The Club for Growth has just released a white paper grading Ohio Governor John Kasich’s economic record, and their findings raise a lot of questions for the presidential hopeful on taxes and spending.
On taxes, the paper notes that budgets under Kasich’s tenure “have been proposed and passed with net decreases in overall taxation,” but warns that “he has also proposed numerous new taxes and tax increases,” such as increasing a severance tax on oil and gas extraction and a tax increase on his home state banks’ net worth as a replacement for other taxes.
The club’s diagnosis is a bit more straightforward on spending. Under Kasich, state spending in Ohio “has increased significantly since Governor Kasich’s first budget.” The white paper cites research from the Cato Institute saying that “state spending under Kasich increased by 12% from 2012 to 2015.”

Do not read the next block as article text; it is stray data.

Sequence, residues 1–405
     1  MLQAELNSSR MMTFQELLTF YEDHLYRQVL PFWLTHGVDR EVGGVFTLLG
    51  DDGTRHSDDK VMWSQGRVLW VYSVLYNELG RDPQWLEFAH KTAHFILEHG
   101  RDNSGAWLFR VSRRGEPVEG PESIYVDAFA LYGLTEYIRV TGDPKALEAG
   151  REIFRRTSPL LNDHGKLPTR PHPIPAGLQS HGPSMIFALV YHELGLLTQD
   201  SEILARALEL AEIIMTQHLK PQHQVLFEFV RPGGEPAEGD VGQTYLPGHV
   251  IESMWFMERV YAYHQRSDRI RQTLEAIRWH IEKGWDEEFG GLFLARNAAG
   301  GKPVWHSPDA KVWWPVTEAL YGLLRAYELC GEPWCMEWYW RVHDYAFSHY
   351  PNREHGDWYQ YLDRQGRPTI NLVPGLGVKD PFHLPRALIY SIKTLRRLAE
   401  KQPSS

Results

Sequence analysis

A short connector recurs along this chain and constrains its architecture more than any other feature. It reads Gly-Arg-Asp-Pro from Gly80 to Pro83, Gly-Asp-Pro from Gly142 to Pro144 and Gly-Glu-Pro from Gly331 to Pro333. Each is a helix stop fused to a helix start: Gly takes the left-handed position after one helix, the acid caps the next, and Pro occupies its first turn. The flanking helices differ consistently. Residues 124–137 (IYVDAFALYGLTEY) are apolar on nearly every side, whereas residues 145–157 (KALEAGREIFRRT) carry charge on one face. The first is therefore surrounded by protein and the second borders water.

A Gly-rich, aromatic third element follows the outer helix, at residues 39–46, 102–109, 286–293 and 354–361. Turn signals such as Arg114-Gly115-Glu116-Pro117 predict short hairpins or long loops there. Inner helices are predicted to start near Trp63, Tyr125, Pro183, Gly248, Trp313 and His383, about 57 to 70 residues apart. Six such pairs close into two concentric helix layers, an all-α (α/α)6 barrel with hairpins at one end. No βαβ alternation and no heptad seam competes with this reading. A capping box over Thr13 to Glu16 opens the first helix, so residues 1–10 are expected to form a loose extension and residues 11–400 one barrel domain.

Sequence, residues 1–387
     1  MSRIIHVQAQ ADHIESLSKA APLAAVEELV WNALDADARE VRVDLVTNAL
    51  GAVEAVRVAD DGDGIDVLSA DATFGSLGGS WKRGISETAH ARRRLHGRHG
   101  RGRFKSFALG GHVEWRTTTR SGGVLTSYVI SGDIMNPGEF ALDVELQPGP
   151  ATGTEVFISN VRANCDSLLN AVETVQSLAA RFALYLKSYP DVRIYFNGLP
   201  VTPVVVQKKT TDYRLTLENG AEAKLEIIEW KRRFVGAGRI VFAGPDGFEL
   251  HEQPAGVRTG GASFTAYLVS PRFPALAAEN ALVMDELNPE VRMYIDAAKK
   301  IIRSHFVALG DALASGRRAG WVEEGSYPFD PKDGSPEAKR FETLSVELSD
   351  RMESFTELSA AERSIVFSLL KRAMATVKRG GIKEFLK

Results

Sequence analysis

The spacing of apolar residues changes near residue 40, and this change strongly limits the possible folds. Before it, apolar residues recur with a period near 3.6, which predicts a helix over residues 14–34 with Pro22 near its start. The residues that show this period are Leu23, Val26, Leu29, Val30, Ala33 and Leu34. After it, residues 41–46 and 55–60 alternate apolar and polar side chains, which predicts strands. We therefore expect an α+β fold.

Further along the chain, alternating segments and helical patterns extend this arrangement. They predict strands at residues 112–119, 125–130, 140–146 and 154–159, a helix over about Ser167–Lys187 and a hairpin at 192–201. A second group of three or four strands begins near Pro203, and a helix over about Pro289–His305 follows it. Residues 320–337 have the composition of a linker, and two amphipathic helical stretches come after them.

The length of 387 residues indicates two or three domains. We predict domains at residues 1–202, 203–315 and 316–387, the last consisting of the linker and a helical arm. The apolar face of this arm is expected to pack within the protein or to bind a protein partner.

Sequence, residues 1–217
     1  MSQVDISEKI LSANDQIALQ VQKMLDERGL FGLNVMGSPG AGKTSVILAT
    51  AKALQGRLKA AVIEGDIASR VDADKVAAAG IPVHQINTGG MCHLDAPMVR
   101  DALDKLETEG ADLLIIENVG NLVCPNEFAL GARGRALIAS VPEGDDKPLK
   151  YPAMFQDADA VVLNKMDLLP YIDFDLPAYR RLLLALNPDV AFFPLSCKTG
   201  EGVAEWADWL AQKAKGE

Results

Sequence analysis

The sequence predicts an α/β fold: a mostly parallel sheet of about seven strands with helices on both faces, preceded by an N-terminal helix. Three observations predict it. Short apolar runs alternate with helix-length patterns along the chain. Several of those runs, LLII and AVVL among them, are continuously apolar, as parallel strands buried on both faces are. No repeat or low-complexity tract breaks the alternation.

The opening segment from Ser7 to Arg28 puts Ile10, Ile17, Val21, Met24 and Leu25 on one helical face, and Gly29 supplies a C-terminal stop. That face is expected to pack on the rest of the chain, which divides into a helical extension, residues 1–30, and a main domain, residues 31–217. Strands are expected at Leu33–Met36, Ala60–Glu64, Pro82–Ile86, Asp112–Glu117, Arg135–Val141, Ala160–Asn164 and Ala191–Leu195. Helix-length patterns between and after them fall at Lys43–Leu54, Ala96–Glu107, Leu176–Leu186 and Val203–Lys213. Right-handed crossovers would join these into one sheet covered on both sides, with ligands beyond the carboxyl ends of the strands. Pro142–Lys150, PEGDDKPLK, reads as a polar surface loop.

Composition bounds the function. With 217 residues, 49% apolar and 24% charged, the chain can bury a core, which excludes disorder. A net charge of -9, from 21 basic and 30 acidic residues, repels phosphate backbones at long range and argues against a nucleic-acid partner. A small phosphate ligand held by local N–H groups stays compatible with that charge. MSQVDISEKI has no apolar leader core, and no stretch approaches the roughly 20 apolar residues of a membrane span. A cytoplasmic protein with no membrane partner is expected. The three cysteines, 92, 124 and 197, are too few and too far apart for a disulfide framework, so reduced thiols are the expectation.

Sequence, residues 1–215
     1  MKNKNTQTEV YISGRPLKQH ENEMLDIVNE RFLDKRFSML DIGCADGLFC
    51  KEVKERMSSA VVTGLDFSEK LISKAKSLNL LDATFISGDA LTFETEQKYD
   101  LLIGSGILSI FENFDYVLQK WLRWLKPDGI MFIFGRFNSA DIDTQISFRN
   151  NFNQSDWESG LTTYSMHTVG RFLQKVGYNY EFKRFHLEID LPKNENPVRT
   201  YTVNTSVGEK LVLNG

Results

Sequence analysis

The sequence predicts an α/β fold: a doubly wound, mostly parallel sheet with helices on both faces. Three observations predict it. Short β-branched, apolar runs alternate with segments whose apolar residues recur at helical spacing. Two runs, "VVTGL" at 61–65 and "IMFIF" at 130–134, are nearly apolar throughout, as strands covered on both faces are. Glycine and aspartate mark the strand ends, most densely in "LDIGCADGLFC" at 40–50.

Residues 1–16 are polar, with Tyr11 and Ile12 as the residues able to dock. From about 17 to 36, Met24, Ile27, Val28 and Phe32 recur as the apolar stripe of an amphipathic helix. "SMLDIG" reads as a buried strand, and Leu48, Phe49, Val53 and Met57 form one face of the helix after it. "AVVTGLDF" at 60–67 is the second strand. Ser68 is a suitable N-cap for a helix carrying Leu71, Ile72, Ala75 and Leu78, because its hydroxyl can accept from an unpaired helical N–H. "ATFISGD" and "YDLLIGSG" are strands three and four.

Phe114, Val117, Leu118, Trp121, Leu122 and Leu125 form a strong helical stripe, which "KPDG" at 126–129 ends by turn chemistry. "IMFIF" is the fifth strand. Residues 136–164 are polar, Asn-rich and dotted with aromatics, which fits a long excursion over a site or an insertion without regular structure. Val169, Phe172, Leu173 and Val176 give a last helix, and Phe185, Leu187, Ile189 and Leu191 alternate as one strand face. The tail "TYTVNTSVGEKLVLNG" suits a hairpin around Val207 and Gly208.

“Governor Kasich says that spending increases in Ohio have only been modest,” the paper reads. “However, the CATO Institute argues the governor is using federal funds for Medicaid, education, and transportation to ‘hide how much Ohio’s state spending has grown during his tenure.'”
In the end, the white paper concludes that Kasich has a “mixed record on matters of economic liberty” which “might have been even worse had a Republican legislature not stopped some of his tax proposals.” Not exactly a ringing endorsement for a candidate who relies heavily on his reputation as a fiscal hawk to counteract his unpopular opinions on base issues like Common Core and religious liberty.
Nick Arnold is a researcher for American Principles In Action.